I don’t believe judges should legislate from the bench, but I do believe they must strike down laws that violate the Constitution. Republicans applauded the U.S. Supreme Court for striking down the Washington D.C. handgun law, but went nuts when the Iowa Supreme Court unanimously struck down the law banning gay marriage. Republicans agreed when activist justices on the U.S. Supreme Court created a new right for corporations to spend unlimited secret money to try to buy our elections with misleading TV ads; Democrats want that decision overturned.

Originalists, who claim that the Constitution must be interpreted as the Founding Fathers meant it, are contradicted by the Founding Fathers themselves.

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Trump's bait and switch on manufacturing jobs

Thanks to Democratic activist Paul Deaton, “a low wage worker, husband, father and gardener trying to sustain a life in a turbulent world,” for cross-posting this opinion column that first appeared in the Cedar Rapids Gazette. -promoted by desmoinesdem

Since the general election I’ve been laying low, listening to people talk — in person — about the new administration and what President Donald J. Trump means to them.

It was about jobs.

Most supporters found a lot of what the president said and stands for to be objectionable, yet voted for him because of the hope for jobs — a central campaign theme. Manufacturing jobs specifically.

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The First Debate: Irresistible Force Meets Immovable Object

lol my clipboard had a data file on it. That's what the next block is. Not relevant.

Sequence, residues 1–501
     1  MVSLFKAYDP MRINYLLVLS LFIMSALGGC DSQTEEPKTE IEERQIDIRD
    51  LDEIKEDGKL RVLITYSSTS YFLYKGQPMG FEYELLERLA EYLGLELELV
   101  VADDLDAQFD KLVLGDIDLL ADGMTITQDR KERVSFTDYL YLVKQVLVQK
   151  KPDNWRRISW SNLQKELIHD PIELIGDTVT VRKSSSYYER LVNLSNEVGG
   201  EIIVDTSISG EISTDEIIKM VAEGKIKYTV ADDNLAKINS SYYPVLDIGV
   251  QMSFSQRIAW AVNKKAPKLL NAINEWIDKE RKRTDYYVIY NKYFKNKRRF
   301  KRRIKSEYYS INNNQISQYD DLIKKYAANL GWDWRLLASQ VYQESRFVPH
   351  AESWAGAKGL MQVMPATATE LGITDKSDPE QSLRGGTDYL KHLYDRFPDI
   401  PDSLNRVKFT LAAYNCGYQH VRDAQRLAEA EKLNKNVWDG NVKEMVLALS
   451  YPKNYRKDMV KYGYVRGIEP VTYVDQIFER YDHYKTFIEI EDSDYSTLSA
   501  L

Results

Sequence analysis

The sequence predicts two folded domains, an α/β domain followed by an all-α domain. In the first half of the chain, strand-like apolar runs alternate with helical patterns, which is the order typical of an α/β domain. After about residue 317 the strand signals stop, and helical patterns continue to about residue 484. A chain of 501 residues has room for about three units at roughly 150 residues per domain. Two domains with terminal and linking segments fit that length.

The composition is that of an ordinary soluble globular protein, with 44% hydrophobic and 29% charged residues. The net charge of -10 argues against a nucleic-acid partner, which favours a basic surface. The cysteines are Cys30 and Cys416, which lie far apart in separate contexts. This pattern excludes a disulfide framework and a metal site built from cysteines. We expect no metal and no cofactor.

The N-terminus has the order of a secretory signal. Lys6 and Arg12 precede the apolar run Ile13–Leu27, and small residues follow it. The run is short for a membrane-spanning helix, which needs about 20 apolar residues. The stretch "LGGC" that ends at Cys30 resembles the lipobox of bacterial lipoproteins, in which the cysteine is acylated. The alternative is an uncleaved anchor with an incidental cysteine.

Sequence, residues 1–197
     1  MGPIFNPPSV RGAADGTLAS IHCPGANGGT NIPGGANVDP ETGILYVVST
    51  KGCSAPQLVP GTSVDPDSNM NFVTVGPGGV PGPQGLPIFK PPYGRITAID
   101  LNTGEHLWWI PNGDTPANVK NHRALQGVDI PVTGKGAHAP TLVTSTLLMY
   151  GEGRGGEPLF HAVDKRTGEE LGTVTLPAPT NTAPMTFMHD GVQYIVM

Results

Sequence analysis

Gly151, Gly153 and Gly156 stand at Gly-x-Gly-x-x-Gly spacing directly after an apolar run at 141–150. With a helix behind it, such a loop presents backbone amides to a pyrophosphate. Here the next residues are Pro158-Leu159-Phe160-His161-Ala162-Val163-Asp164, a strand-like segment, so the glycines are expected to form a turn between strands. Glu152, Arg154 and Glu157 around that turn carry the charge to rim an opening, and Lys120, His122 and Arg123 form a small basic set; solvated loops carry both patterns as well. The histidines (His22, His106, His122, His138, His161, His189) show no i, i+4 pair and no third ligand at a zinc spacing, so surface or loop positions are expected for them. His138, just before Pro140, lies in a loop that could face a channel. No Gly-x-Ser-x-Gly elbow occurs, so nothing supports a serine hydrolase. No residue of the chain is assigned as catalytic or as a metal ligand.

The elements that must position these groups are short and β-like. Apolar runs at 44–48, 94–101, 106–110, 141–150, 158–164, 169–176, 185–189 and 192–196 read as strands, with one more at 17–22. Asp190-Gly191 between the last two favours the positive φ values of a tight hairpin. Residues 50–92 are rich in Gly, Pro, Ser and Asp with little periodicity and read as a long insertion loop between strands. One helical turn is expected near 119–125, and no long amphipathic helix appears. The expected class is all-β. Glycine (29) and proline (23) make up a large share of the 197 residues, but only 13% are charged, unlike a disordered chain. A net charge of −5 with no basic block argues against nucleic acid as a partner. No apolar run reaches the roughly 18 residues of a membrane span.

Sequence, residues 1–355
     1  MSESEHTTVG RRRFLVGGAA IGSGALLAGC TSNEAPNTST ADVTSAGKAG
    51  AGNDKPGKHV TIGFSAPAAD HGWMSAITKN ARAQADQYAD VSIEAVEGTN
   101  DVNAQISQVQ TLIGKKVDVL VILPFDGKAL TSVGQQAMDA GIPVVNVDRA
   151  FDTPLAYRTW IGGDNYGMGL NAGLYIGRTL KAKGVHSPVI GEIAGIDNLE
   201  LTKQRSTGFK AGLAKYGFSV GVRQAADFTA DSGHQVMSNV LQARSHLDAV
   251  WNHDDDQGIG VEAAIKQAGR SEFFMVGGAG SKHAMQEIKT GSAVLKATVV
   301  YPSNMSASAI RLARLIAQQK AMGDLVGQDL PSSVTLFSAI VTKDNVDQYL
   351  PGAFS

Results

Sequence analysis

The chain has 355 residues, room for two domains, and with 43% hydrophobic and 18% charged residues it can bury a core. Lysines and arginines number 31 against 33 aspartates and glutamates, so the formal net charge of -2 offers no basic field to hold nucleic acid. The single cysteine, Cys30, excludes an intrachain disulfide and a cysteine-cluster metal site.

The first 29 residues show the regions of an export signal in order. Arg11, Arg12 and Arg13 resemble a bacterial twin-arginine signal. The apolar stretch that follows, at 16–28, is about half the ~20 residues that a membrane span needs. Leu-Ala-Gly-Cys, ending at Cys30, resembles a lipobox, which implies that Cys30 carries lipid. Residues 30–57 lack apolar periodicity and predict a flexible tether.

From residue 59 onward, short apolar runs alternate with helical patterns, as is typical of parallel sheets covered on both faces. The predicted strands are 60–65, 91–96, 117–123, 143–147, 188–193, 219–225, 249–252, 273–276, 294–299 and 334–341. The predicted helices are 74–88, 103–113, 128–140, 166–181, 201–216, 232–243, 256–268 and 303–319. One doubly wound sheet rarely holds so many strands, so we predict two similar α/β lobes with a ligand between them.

A must-read review of what recent history tells us about the impact of presidential debates. You can find Dan Guild’s past writing for this site here and here. -promoted by desmoinesdem

Debates have arguably remade the race for the Presidency in 1976, 1980, 2000, 2004 and 2012. Even in races where arguably they are less important, they still are significant events. Having said all of this there are patterns that repeat themselves. Guideposts that can help evaluate how they will affect this race. Here they are:

1. Typically debates consolidate support within their Party for each candidate. Where this is unequal, the candidate who is behind tends to benefit.

2. In races where there is significant discontent, debates often help the candidate of the party that is on the outside.

3. Third Parties frequently decline afterwards

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Throwback Thursday: When a computer malfunction may have robbed Ronald Reagan of a 1980 Iowa caucus victory

Steve Roberts is a walking encyclopedia of Iowa GOP politics since the 1970s. The Des Moines-based attorney is a past state chair of the Republican Party of Iowa as well as a longtime Republican National Committeeman. In 2008, state lawmaker Sandy Greiner suggested Roberts should be declared “king of Des Moines” after he helped beat back an effort within the RNC to take away Iowa’s first in the nation spot for the 2012 election cycle. Someone needs to persuade Roberts to write his memoirs or let a video archivist capture his entertaining stories.

I called Roberts on March 3 to ask about events at the 1980 state Republican convention, which I plan to cover in a future Throwback Thursday post. Roberts was the top Iowa GOP official at that time. While answering one of my questions, he mentioned in passing,

[George H.W.] Bush won the Iowa caucuses, but I’ll tell you now, in looking back on it, our computers broke down. We didn’t get to count a number of rural counties, and very possibly [Ronald] Reagan won.

Wait, what?

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Donald Trump's "Make America great again" pales next to Ronald Reagan's

Donald Trump’s first television commercial grabbed attention for its unsubtle race-baiting on the topic of immigration. His latest commercial hits Ted Cruz as “pro-amnesty,” citing the Texas senator’s past support for legislation that would have provided legal status for some undocumented immigrants.